The True Cost of Trademarking a Name in Italy
The True Cost of Trademarking a Name in Italy

The True Cost of Trademarking a Name in Italy

Cost of Trademarking a Name in Italy

Contrary to popular belief, registering a trademark in Italy is not expensive. I was working with a client, let’s call her Sofia, last summer. Sofia’s marriage had many rough patches, and she wanted to leave. At the same time, she started a new company, the name of which she wanted to trademark. 

Her plan was to act depressed for a while, waiting for her husband to serve her with divorce papers first. After asking a series of questions, I discovered that she thought that the cost of trademarking a name in Italy was so high that she would need the alimony from her divorce to offset it.

Further information regarding trademark registration is available here:

Trademark Registration in Italy; Remarkable Benefits

Cost of Trademarking a Name in Italy

The cost of registering trademarks in Italy depends largely on the class or classes in which the trademark is to be registered. The fee for filing a trademark application for a single class of goods and services is €200. For each additional class of goods included in a multi-class trademark application, you will pay €34. This fee must be paid before you submit your documents.

The True Cost of Trademarking a Name in Italy
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How Long Does the Process of Trademarking a Name Take?

Assuming there are no delays due to opposition to the trademark application and late payment of filing fees, the trademark application and registration process in Italy spans 12 to 18 months.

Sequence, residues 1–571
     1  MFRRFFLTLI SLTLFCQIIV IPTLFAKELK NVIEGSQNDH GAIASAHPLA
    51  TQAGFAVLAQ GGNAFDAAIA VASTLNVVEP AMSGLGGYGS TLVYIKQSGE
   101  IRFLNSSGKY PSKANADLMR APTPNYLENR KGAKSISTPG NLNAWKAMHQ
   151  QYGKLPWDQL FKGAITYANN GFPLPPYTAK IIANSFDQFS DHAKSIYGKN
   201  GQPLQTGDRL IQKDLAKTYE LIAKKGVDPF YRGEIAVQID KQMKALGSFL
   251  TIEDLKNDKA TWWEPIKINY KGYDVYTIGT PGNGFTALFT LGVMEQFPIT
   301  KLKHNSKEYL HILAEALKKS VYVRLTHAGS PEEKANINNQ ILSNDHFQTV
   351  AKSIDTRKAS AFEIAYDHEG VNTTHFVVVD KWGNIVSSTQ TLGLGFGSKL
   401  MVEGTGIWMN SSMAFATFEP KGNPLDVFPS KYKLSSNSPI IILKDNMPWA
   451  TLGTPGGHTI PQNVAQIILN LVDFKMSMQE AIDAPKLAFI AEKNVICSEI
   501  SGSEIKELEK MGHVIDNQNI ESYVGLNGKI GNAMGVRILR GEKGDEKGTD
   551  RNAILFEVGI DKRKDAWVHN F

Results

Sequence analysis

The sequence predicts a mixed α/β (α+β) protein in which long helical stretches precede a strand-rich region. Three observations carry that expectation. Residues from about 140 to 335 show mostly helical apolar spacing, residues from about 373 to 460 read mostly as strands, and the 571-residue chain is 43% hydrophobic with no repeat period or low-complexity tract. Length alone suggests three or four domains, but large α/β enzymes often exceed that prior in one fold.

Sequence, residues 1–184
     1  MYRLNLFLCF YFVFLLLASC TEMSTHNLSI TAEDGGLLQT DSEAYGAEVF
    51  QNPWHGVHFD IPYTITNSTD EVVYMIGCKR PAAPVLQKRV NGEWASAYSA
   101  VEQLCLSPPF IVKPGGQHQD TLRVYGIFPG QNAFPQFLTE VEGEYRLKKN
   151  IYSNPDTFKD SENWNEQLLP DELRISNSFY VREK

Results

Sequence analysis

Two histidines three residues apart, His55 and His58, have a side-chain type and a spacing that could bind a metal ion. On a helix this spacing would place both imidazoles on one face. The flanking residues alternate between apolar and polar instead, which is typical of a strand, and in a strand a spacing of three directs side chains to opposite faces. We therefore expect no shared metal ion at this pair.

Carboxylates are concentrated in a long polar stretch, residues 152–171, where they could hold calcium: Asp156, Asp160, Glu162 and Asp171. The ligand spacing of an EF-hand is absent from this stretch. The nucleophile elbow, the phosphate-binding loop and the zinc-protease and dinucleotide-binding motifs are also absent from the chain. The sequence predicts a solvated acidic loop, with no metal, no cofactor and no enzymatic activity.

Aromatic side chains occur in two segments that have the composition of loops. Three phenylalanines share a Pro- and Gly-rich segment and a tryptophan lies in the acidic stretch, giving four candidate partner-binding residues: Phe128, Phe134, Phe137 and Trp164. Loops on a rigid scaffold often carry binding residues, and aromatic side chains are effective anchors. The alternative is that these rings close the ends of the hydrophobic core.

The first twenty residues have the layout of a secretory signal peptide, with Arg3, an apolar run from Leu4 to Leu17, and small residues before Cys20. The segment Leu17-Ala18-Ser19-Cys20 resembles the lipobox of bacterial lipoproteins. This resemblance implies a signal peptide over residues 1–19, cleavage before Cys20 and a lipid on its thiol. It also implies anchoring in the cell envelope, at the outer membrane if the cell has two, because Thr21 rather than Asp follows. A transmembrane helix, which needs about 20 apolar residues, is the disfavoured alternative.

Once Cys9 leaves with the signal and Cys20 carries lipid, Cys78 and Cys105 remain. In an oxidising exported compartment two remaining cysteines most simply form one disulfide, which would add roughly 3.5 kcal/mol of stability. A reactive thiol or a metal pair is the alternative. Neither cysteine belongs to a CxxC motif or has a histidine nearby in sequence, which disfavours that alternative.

Restrictions on Trademarks in Italy & Around the World

Trademarks can be declared invalid if they fall short of certain requirements. As a general rule, a trademark must not be descriptive or violate public policy. Any trademark that flouts this rule is bound to be opposed either during or after its registration. Let’s take a look at the aspects of the rule in detail. 

The trademark Must Not be Descriptive.

A descriptive trademark is one that describes the goods or services of the company and gives it a name. For example, if Gianni Marco is a trademark of Gianni-Marco Motor Company, it is not a descriptive trademark because it does not describe the goods or services, but rather the automobile manufacturer.

The Trademark Must Not Violate Public Policy.

A classic example is the case of La Mafia v. EUIPO. In 2006, La Mafia filed an application for the registration of its trademark, “La Mafia se sienta à la mesa,” which means “take a seat at the table.” The mark was successfully registered. But in 2015, the Italian Republic opposed the mark, claiming that the use of the word “mafia” in the mark made casual reference to a criminal organization. Allowing such a mark to be used was unsafe for the food industry and society at large.

Unfortunately for La Mafia, the EUIPO Cancellation Division, the First Board of Appeal and the General Court ruled in favor of the Italian Republic. 

Conclusion

The Italian government is trying to make it easier for businesses to trademark their names, but there are some limitations on what can be trademarked. As always, I recommend seeking advice from an attorney before taking any action with respect to trademarking your name in Italy.

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